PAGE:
The group comprised of students from Arua Town College and Nile International School, a private vocational institution.
Police in West Nile has embarked on recruiting students to act as crime preventers in their school in the wake increased student strikes in the region. On Wednesday, the first batch of 169 students and two teachers trained as crime preventers were passed out and deployed in their schools. The group comprised of students from Arua Town College and Nile International School, a private vocational institution.
The crime preventers were taken through topics such as community policing, patriotism, child rights and responsibilities as well as criminal interrogation. Josephine Angucia, the Northwestern regional police spokesperson explains that they decided to train the students so that they can work with police in case there are problems in their schools. She says that the idea was mooted following a meeting between Police, school administrators and students following the high rate of student strikes in the region.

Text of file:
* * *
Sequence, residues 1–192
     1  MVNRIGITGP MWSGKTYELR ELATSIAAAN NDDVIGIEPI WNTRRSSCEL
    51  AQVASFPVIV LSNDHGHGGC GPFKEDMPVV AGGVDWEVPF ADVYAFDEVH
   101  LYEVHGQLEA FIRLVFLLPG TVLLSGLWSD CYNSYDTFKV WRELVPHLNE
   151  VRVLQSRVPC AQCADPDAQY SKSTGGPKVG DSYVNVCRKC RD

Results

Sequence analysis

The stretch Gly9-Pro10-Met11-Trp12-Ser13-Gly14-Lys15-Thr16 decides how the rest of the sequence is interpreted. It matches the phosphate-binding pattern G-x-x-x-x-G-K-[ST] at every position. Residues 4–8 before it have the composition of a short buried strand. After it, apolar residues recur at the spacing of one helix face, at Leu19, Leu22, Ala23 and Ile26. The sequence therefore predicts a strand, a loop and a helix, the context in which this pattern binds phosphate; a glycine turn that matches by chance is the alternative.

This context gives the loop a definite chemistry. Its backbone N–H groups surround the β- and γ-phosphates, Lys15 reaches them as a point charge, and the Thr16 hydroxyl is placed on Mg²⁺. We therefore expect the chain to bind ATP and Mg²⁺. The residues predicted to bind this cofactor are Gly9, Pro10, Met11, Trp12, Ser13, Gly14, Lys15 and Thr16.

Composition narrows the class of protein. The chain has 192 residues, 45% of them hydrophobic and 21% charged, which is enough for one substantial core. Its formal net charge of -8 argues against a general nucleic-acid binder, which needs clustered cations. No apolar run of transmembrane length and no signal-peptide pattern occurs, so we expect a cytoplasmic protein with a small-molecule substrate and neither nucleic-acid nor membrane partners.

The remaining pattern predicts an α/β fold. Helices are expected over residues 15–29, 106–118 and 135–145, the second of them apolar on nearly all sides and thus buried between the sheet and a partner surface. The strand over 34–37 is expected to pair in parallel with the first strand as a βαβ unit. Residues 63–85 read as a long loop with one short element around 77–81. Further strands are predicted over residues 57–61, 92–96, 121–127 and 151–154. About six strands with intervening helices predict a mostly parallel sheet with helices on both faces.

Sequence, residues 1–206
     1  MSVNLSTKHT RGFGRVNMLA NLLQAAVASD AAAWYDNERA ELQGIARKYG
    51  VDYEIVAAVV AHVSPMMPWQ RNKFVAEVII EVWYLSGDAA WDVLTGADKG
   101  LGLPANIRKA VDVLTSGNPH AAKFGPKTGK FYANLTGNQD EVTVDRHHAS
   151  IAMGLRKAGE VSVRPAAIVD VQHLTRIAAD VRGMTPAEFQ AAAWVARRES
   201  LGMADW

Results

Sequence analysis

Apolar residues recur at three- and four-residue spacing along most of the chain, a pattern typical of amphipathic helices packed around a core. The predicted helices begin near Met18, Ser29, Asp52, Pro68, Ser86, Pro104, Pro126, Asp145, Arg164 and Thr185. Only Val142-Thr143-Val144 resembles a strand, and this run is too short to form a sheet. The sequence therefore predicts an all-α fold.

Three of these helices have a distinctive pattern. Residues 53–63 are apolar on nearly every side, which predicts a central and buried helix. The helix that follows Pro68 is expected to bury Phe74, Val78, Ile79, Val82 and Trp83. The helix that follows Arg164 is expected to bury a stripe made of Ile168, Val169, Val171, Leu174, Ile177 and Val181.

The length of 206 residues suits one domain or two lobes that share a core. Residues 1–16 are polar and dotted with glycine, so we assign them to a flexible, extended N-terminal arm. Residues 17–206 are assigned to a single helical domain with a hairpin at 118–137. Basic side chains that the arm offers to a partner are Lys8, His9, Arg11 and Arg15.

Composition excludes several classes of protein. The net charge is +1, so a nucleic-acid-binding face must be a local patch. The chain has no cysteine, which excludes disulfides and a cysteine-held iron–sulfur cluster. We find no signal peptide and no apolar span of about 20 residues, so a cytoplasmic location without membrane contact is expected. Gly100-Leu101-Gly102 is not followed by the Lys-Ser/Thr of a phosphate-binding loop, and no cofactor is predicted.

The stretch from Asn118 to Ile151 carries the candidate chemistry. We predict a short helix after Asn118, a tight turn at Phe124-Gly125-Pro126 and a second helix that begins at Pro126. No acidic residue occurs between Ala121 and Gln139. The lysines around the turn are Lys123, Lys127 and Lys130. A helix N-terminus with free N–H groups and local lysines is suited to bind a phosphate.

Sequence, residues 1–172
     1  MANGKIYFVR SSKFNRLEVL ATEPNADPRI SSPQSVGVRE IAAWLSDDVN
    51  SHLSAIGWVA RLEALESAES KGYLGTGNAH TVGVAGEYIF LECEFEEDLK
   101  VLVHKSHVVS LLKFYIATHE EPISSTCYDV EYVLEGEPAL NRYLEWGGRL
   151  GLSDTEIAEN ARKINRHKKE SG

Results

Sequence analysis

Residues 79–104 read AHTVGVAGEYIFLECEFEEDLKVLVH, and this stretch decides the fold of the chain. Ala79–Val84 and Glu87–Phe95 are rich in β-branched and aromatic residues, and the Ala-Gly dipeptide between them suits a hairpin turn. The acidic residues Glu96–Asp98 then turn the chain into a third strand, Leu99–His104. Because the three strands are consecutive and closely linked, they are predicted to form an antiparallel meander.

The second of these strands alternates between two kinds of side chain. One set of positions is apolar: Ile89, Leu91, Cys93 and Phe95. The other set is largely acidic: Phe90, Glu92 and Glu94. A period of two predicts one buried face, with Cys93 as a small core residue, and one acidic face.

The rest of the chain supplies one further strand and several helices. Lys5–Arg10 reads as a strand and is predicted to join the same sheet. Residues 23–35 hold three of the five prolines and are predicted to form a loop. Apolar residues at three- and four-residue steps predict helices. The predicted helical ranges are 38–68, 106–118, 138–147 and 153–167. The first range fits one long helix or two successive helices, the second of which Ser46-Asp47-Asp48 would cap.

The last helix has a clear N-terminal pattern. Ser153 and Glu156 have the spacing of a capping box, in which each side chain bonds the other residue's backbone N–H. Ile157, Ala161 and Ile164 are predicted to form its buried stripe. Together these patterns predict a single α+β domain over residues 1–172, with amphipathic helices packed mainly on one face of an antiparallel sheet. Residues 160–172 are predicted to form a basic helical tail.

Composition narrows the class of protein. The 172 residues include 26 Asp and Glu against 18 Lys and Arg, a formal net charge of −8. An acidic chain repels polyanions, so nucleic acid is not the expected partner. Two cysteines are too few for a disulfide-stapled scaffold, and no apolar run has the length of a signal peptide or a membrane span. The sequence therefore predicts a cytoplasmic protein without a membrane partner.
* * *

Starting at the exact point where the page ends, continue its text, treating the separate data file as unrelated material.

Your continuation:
She says that once the initiative succeeds in West Nile it will be used a model for schools in other regions. At least 15 strikes have been recorded in West Nile region since the beginning of this year, leading to closure of four schools. Yumbe secondary school was closed this week, because of a violent students strike. Angucia advises students to stick to their studies and desist from getting involvement violent strike, which could ruin their future.
Emmanuel Ogwang, the coordinator of the prime preventers says they willingly accepted to be trained because they are tired of seeing strikes in their schools. Ogwang reminisces that he was suspended from school in his senior five for his involvement in a strike, which made him fail his examinations. He says that training will not only help him at school, but promises to use the skills while back home to prevent crimes in his community.
police recruits crime preventers in schools